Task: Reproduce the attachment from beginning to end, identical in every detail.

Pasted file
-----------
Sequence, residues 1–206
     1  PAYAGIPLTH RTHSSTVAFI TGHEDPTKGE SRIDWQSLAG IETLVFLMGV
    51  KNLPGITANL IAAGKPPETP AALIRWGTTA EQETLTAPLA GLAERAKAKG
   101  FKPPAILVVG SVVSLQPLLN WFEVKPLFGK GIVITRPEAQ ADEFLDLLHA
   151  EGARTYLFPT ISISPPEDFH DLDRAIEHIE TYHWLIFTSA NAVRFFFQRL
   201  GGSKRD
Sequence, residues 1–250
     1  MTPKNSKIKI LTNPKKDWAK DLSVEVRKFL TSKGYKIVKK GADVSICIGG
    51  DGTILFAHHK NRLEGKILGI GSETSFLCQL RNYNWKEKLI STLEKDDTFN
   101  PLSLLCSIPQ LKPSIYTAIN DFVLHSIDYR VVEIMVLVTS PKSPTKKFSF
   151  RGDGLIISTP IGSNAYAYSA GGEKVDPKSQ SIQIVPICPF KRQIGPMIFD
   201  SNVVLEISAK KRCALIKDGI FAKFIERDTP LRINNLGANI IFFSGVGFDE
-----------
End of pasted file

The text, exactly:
Sequence, residues 1–206
     1  PAYAGIPLTH RTHSSTVAFI TGHEDPTKGE SRIDWQSLAG IETLVFLMGV
    51  KNLPGITANL IAAGKPPETP AALIRWGTTA EQETLTAPLA GLAERAKAKG
   101  FKPPAILVVG SVVSLQPLLN WFEVKPLFGK GIVITRPEAQ ADEFLDLLHA
   151  EGARTYLFPT ISISPPEDFH DLDRAIEHIE TYHWLIFTSA NAVRFFFQRL
   201  GGSKRD
Sequence, residues 1–250
     1  MTPKNSKIKI LTNPKKDWAK DLSVEVRKFL TSKGYKIVKK GADVSICIGG
    51  DGTILFAHHK NRLEGKILGI GSETSFLCQL RNYNWKEKLI STLEKDDTFN
   101  PLSLLCSIPQ LKPSIYTAIN DFVLHSIDYR VVEIMVLVTS PKSPTKKFSF
   151  RGDGLIISTP IGSNAYAYSA GGEKVDPKSQ SIQIVPICPF KRQIGPMIFD
   201  SNVVLEISAK KRCALIKDGI FAKFIERDTP LRINNLGANI IFFSGVGFDE